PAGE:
Art, Culture & Identity Past Events
Yasuo Kuniyoshi: Japanese American Artist
Lecture Featuring: Tom Wolf, Ph.D.
Yasuo Kuniyoshi (1889–1953) began life in America like many other Issei (first generation of immigrant Japanese Americans). Following his arrival in 1906, he took on odd jobs in a Spokane railroad yard, a Seattle office building, and as an Imperial Valley farm worker. By the 1930s, he was a well-known, well-respected New York artist. How did this Issei become one of the most important American artists of the twentieth century? Kuniyoshi scholar Tom Wolf, Professor of Art History at Bard College, discusses Kuniyoshi’s work and its relationship to Japanese art. Reservations required. Free with Museum admission.
AT&T East West Players New Voices Writers Gallery: Leilani's Hibiscus by John Shirota
Thursday Evenings at the Museum Play Reading
Well-known Japanese American author and playwright Jon Shirota (Lucky Come Hawaii and Pineapple White) will read from Leilani’s Hibiscus, the sequel to his John F. Kennedy award-winning stage adaptation of Lucky Come Hawaii. Join us for an evening of comedy that plays upon the idea that home is where the heart is.
This program is funded in part by AT&T. Reservations required. Free with Museum admission. Limited seating available.
Obon and Bon Odori
Lecture and Demonstration Featuring Rev. Shuichi T. Kurai
Obons (Buddhist temples’ observance for the deceased) and the festive bon odori (the dancing that follows) are observed in nearly every Japanese American community but do we truly understand the meaning behind these rituals? Reverend Shuichi Thomas Kurai of the Sozenji Buddhist Temple of Montebello will shed some light upon these important community traditions which will include a demonstration of bon odori and bon daiko, the taiko drumming that accompanies the dances. Free with Museum admission. Reservations required. Limited seating available.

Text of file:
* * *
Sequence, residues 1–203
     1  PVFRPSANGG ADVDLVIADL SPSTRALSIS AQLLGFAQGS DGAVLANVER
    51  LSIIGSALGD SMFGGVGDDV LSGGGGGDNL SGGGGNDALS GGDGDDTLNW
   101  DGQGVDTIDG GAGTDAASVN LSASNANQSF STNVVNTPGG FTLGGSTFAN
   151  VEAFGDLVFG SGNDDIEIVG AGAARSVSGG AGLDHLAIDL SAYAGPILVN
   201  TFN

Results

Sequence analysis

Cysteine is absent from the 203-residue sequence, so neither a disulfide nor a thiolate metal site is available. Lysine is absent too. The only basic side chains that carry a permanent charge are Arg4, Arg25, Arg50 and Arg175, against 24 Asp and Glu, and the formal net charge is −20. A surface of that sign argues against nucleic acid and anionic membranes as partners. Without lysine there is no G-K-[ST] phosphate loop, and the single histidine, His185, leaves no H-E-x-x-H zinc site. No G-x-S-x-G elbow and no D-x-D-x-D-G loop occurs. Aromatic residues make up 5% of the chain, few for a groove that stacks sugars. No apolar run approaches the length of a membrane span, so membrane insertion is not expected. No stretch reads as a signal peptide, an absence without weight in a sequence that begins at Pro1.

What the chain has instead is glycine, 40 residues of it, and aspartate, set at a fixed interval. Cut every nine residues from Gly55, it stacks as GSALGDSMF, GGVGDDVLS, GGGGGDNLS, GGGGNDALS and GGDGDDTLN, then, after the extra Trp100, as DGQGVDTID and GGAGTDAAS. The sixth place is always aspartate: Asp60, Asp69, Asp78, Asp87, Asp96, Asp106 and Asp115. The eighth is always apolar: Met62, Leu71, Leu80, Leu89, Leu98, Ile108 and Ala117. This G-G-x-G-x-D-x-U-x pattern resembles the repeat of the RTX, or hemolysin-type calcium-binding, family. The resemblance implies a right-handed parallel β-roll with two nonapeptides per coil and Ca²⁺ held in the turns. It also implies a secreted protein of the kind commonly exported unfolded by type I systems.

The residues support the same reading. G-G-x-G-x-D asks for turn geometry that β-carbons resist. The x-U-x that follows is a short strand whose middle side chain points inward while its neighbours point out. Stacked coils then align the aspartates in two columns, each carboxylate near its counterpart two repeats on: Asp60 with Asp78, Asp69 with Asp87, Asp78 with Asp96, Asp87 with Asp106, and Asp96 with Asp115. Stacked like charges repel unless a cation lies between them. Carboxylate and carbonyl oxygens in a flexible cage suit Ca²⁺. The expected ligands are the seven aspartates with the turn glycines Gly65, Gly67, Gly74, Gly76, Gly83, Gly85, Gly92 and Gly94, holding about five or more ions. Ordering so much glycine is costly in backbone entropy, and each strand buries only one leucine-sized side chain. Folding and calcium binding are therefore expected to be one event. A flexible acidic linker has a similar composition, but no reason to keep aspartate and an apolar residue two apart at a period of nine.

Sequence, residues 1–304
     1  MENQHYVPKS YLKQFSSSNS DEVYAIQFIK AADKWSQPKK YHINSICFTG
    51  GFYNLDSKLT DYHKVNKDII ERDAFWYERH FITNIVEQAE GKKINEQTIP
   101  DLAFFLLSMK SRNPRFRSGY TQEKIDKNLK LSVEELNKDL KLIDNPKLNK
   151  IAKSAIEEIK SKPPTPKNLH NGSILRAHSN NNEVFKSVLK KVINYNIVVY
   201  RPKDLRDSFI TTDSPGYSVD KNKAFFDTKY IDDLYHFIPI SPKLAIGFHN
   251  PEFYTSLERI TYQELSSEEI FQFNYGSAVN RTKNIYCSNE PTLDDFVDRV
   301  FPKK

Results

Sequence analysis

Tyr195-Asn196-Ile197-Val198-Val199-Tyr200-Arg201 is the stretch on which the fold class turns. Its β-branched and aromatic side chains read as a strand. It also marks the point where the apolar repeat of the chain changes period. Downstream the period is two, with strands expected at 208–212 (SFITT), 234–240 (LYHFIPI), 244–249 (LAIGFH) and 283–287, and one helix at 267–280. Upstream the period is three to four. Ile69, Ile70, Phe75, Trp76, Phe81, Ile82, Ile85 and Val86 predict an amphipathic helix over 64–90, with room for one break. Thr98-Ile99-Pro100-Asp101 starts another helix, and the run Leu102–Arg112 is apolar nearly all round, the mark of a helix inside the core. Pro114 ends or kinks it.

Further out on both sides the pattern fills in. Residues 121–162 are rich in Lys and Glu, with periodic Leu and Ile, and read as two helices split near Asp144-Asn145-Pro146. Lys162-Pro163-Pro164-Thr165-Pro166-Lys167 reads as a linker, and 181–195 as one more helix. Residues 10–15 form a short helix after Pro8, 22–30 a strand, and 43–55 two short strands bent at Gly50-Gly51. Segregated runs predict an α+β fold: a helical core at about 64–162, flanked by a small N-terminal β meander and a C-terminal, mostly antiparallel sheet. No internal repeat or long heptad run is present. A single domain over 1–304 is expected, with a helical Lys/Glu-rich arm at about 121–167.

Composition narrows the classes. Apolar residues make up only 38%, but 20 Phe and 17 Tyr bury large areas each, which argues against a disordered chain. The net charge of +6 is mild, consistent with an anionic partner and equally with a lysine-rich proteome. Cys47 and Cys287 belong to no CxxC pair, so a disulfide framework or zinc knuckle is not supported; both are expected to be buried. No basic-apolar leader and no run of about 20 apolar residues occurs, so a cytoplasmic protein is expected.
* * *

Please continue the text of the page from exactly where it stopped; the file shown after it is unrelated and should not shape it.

Japanese Americans in Sumo
From the 1930s to the 1950s, sumo wrestling emerged as a popular sport among the Nisei (second generation Japanese Americans), especially for those in Hawaii, Los Angeles, and the San Joaquin Valley.
Join Brian Niiya, curator of the exhibition Sumo U.S.A.: Wrestling the Grand Tradition as he moderates a panel of Japanese American sumo wrestlers who participated in this fascinating sport prior to World War II and in America’s concentration camps. Panel participants will share their stories about what it was like to participate in U.S. sumo tournaments during that period. Reservations required. Free with Museum admission.
California Asian Cuisine with Chef Randy Saito
Japanese American Cuisine Series
Randy Saito, the executive chef at downtown Los Angeles’ Hyatt Regency Hotel, demonstates his culinary skills in creating his specialty—California Asian cuisine as part of the popular Japanese American Cuisine series program.
Cooking since the age of 8, Chef Saito grew up in Maui, Hawai‘i where his father was an executive chef. For the past 17 years, Chef Saito has climbed the ranks with the Hyatt Regency and currently oversees two restaurants at the downtown L.A. location. At Pavan Pacifico, one of the delicacies is “Beef Culotte Yuzu Kosho,” a fusion of French and Japanese cooking.
Members $5, non-members $7 includes Museum admission. Reservations required. Early reservations suggested. Limited seating available.
Cold Tofu Improv: Tofu Through the Ages
Travel through time with Cold Tofu as they present great moments in history of the tofu tradition. This talented, energetic, multicultural comedy improv group has an amazing assortment of entertainment techniques that will keep you laughing all night. A guest artist and musician will also perform. Free. Reservations suggested. Limited seating available.